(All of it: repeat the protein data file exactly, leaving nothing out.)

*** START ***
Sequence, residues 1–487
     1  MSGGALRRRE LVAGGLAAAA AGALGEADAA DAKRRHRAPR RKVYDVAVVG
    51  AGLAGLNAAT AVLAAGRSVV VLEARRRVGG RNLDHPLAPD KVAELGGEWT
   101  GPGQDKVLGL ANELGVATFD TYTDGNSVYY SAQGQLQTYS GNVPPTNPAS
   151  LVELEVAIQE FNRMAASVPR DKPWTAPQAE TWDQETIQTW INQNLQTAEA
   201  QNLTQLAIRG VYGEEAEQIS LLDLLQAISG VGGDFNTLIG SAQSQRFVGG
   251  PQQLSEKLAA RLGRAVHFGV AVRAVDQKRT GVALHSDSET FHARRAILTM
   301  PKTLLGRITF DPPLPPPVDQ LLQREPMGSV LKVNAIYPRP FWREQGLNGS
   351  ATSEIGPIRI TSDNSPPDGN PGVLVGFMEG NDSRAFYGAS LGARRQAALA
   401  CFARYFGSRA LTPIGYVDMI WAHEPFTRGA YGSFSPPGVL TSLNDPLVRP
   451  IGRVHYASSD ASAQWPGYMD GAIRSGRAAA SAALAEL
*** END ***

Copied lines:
Sequence, residues 1–487
     1  MSGGALRRRE LVAGGLAAAA AGALGEADAA DAKRRHRAPR RKVYDVAVVG
    51  AGLAGLNAAT AVLAAGRSVV VLEARRRVGG RNLDHPLAPD KVAELGGEWT
   101  GPGQDKVLGL ANELGVATFD TYTDGNSVYY SAQGQLQTYS GNVPPTNPAS
   151  LVELEVAIQE FNRMAASVPR DKPWTAPQAE TWDQETIQTW INQNLQTAEA
   201  QNLTQLAIRG VYGEEAEQIS LLDLLQAISG VGGDFNTLIG SAQSQRFVGG
   251  PQQLSEKLAA RLGRAVHFGV AVRAVDQKRT GVALHSDSET FHARRAILTM
   301  PKTLLGRITF DPPLPPPVDQ LLQREPMGSV LKVNAIYPRP FWREQGLNGS
   351  ATSEIGPIRI TSDNSPPDGN PGVLVGFMEG NDSRAFYGAS LGARRQAALA
   401  CFARYFGSRA LTPIGYVDMI WAHEPFTRGA YGSFSPPGVL TSLNDPLVRP
   451  IGRVHYASSD ASAQWPGYMD GAIRSGRAAA SAALAEL